Benoit Famaey (CNRS/University of Strasbourg)
Galaxy dynamics is confronted with one of the deepest problems of modern physics: the dark matter problem. The motions of stars and gas observed exceed what can be explained by the mass visible in those same stars and gas. Either (i) there is a vast amount of unseen mass in some novel form – dark matter – or (ii) the data indicate a breakdown of our understanding of dynamics on the relevant scales, or (iii) both. We shall review the observational evidence for an intimate connection between the baryonic surface density and the total gravitational field in galaxies. This observational fact presents a fine-tuning problem for the particle dark matter interpretation of mass discrepancies in galaxies. On the other hand, this is naturally explained within the MOND paradigm, hypothesizing an effective breakdown of Newtonian dynamics in the extremely low acceleration regime. However, MOND predictions break down on scales larger than galaxies. Theories proposing a Lagrangian of the “dark sector” accounting for the MOND phenomenology in galaxies while preserving the predictions of the current standard cosmological model on the largest scales are perhaps a promising way to reconcile these conflicting observational facts.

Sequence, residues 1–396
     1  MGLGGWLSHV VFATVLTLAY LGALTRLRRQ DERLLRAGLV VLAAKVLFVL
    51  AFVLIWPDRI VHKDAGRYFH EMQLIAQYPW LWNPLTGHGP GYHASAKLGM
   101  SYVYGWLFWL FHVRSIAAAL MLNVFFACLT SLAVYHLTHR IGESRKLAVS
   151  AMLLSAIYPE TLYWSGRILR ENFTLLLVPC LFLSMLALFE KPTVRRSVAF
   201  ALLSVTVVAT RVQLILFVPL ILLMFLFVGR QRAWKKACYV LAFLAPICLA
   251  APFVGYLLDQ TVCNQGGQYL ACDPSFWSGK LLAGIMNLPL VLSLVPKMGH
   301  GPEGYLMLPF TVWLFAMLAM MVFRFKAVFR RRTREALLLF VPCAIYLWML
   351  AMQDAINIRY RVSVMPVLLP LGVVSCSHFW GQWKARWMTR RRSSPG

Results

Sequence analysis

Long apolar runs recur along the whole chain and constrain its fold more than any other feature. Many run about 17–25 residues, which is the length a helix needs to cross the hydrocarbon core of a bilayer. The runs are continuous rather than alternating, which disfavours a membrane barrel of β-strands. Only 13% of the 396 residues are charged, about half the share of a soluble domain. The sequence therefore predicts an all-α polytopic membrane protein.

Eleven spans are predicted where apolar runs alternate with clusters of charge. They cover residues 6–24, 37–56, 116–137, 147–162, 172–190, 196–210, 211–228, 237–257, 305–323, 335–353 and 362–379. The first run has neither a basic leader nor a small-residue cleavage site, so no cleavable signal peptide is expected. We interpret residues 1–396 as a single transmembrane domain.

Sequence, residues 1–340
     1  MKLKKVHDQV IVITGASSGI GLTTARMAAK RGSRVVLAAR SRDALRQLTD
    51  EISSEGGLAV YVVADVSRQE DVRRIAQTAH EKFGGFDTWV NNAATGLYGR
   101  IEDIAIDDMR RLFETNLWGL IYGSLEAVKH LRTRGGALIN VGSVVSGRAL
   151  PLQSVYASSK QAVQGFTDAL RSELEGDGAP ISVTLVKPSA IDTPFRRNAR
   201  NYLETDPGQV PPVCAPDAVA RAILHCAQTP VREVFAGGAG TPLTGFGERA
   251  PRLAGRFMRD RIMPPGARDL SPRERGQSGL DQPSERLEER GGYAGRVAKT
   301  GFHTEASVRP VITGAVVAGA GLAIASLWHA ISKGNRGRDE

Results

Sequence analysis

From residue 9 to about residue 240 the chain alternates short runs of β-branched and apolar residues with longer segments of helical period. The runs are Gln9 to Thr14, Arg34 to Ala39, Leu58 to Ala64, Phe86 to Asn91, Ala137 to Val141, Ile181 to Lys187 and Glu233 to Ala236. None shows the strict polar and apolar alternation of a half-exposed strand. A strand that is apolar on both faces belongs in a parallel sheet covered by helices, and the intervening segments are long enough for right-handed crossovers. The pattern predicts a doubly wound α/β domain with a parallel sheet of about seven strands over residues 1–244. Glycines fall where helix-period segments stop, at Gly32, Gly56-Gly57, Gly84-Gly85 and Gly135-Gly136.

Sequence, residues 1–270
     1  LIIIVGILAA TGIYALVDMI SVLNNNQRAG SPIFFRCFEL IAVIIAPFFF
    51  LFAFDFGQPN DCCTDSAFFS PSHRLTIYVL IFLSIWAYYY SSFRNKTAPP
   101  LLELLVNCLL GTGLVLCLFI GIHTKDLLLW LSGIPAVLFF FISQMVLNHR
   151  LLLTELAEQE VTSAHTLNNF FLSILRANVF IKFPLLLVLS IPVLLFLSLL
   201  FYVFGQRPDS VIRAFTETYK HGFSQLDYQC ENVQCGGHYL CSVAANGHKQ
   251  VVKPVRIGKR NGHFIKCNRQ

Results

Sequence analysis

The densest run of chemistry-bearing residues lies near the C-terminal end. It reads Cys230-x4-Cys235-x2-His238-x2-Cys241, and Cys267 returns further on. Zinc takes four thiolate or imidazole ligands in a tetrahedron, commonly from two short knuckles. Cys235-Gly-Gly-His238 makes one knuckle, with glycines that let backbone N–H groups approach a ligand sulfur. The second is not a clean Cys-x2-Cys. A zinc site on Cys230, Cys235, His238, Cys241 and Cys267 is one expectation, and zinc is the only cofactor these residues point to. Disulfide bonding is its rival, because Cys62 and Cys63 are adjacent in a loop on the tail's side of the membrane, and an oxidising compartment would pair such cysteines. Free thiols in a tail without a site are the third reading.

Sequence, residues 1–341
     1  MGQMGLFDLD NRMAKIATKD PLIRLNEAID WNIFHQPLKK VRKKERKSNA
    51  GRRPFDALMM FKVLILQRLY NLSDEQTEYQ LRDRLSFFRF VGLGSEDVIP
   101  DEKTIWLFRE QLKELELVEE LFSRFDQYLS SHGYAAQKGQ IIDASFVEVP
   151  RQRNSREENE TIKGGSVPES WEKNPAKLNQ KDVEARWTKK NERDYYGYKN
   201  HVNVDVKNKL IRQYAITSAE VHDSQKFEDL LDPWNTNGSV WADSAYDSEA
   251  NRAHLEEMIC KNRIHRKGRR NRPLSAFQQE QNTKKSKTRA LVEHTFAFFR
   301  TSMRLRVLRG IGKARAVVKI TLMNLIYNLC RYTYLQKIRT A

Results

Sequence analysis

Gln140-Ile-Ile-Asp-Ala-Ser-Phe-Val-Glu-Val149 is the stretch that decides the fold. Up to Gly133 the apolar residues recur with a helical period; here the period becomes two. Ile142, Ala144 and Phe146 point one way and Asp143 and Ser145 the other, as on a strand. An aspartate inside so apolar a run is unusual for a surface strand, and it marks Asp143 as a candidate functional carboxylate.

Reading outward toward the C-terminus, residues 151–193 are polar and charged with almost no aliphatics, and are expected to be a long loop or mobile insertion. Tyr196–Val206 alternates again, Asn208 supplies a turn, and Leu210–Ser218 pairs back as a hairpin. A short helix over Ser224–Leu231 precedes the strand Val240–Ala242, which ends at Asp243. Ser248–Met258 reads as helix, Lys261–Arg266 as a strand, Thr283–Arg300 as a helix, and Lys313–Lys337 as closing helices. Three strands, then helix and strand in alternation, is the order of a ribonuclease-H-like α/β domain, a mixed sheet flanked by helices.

Benoit Famaey, PhD, is a Senior Research Associate of the CNRS at the University of Strasbourg (France). He received Bachelor’s, Master’s and PhD degrees from Brussels University (Belgium). He then went on a postdoc at the Rudolf Peierls Centre for Theoretical Physics in Oxford (UK), before going back to Brussels for another postdoc, and to the Argelander Institute for Astronomy in Bonn (Germany) as a Humboldt Fellow. He is serving as a CNRS Senior Research Associate at the University of Strasbourg since 2009. He is investigating the dynamics of stars in our own Galaxy, the Milky Way, as well as external galaxies, and the implications for the dark matter problem. He was awarded in recent years the “Prix Espoir de l’Université de Strasbourg 2015”, and the “Prix Sciences 2018 de l’Académie Rhénane”.